During World War II, Eisner served in the U.S. Army. In his absence, the newspaper syndicate used ghost writers and artists to continue the strip, including Manly Wade Wellman, William Woolfolk, and Lou Fine.
Fictional character history
The Spirit, referred to in one newspaper article cited below as “the only real middle-class crimefighter”, was the hero persona of young detective Denny Colt. Presumed killed in the first three pages of the premiere story, Colt later revealed to his friend, Central City Police Commissioner Dolan, that he had in fact gone into suspended animation caused by one of archvillain Dr. Cobra’s experiments. When Colt awakened in Wildwood Cemetery, he established a base there and, using his newfound anonymity, began a life of fighting crime wearing only a small domino mask, blue business suit, fedora hat and gloves for a costume. The Spirit dispensed justice, funding his adventures with the rewards for capturing villains.
The Spirit was based originally in New York City which soon changed to Central City, but his adventures took him around the globe. He met up with eccentrics, kooks, and beautiful but deadly femme fatales (most notably P’Gell), bringing his own form of justice to all of them. The story changed continually, but certain themes remained constant: the love between the Spirit and Dolan’s feisty protofeminist daughter Ellen; the annual “Christmas Spirit” stories; and the Octopus (a psychopathic criminal mastermind who was never seen, except for his distinctive gloves).
Ebony White in perspective
Eisner is sometimes criticized for his depiction of Ebony White, the Spirit’s African American sidekick. He later admitted to consciously stereotyping the character, but said he tried to do so with “responsibility”, and argued that “at the time humor consisted in our society of bad English and physical difference in identity.” The character developed beyond the stereotype as the series progressed, and Eisner also introduced black characters (such as the plain-speaking Detective Grey) who defied popular stereotypes.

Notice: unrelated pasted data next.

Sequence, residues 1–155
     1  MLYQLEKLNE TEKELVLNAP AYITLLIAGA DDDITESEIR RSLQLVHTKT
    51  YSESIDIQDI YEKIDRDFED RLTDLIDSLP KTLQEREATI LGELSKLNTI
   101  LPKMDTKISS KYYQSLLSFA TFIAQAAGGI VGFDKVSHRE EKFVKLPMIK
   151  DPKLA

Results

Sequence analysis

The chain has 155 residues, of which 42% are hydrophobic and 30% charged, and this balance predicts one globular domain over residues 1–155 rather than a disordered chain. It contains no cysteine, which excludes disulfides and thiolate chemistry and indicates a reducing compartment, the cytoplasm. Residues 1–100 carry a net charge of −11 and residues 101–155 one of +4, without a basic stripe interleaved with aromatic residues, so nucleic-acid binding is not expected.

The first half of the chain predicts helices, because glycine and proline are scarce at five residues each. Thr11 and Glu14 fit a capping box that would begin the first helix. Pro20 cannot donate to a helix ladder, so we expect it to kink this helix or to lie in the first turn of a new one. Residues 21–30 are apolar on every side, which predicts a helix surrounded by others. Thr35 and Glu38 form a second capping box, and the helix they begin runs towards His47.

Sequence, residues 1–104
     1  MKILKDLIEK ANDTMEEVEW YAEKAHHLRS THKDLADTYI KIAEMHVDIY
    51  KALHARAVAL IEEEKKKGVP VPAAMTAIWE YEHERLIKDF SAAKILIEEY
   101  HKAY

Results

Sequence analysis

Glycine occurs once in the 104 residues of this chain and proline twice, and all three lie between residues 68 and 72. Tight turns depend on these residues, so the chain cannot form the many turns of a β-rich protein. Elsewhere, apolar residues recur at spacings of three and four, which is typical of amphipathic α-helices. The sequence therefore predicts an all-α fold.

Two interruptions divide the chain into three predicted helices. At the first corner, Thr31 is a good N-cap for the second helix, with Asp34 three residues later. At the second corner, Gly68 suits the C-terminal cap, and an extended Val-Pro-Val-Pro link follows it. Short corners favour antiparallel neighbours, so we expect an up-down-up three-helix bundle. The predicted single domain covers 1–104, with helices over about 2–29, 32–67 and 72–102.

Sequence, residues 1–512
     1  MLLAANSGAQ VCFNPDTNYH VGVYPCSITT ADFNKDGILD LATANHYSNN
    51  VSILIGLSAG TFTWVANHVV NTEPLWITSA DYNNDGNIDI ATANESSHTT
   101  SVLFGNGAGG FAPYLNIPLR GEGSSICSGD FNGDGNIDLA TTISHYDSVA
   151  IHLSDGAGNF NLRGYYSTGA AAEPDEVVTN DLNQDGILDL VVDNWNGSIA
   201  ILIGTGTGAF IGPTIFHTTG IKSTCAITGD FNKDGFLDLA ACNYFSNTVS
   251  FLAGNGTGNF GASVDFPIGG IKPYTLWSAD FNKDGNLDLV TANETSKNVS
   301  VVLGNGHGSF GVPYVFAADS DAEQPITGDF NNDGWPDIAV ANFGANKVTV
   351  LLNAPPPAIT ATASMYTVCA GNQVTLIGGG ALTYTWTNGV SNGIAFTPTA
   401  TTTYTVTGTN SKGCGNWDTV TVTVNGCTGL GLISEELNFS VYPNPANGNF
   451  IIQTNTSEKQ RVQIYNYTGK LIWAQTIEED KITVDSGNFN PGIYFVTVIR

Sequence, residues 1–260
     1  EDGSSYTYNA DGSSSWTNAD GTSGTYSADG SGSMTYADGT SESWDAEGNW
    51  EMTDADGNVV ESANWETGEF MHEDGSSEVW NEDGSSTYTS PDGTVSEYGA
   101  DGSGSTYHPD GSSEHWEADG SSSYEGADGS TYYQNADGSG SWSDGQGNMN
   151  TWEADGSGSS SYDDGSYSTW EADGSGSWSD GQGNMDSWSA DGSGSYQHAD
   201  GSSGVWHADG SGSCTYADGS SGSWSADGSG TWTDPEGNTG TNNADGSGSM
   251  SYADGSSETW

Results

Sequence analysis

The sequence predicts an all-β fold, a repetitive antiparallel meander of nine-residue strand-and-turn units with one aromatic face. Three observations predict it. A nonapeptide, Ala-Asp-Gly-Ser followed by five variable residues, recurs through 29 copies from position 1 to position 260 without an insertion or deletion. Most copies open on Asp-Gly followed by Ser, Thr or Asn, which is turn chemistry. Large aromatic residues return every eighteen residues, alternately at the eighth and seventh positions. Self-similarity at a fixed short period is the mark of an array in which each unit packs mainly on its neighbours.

In a 1966, New York Herald Tribune feature by his former office manager-turned-journalist, Marilyn Mercer wrote, “Ebony never drew criticism from Negro groups (in fact, Eisner was commended by some for using him), perhaps because, although his speech pattern was early Minstrel Show, he himself derived from another literary tradition: he was a combination of Tom Sawyer and Penrod, with a touch of Horatio Alger hero, and color didn’t really come into it”.
The Octopus — Arch-enemy of the Spirit. A criminal mastermind and master of disguise who never shows his real face, but is identified by his distinctive gloves.
P’Gell — One of The Spirit’s most recurrent and famous foes. A French femme fatale and a black widow who has married several times.
Dr. Cobra — Mad scientist whose chemicals and machinations inadvertently helped Denny Colt become the Spirit.
Mr. Carrion — Morbid con man with a pet vulture, Julia.
Darling O’ Shea — The richest and most spoiled child in the world.
Hazel P. Macbeth — Witch with Shakespearean motif and apparent magical powers.
The Spirit and John Law
Several famous Spirit stories were actually retooled from a failed publishing venture featuring an eyepatched, pipe smoking detective named John Law. Law and his shoeshine boy sidekick, Nubbin, featured in several adventures planned for a new comic series. These completed adventures were eventually adapted into Spirit stories, with John Law’s eyepatch being changed to The Spirit’s mask and Nubbin being redrawn to be Willum Waif (or other Spirit support characters).
The original John Law stories have been restored and published in Will Eisner’s John Law: Dead Man WalkingLady Luck and Mr. Mystic. (2004, IDW), a collection of stories that also features new adventures by writer/artist Gary Chaloner starring John Law, Nubbin, and many other Eisner creations including
Assistants and collaborators
Like most artists working in newspaper comic strips, Eisner after a time employed a studio of assistants who, on any given week’s story, might draw or simply ink backgrounds, ink parts of Eisner’s main characters (such as clothing or shoes), or as eventually occurred, ghost-draw the strip entirely. Eisner also eventually used ghostwriters, generally in collaboration with him.
His studio included:
Art assistants: Bob Powell (1940), Dave Berg (backgrounds, 1940-41), Tex Blaisdell (1940-41), Fred Kida (1941), Alexander Kostuk a.k.a. Alex Koster (1941-43), Jack Cole (1942-43), Alexander Kostuk a.k.a. Alex Koster (1941-43), Jack Keller (backgrounds, 1943), Jules Feiffer (1946-47), Manny StallmanAndre LeBlanc (1950), Al Wenzel (1952)
Inkers: Alex Kotzky (1941-43), John Belfi (1942-43), Don Komisarow (1943), Robin King (year?), Joe Kubert (1943-44), Jerry Grandenetti, (1948-51), Jim Dixon (1950-51), Don Perlin (1951)
Letterers: Martin De Muth (years?), Abe Kanegson (years?), Sam Schwartz (1951), Ben Oda (1951)
Colorists: Jules Feiffer (years?), Chris Christiansen (1951)
Ghost artists (pencilers): Lou Fine and Jack Cole (variously, during Eisner’s World War II service, 1942-45), Jerry Grandenetti (1951), Wally Wood (1952)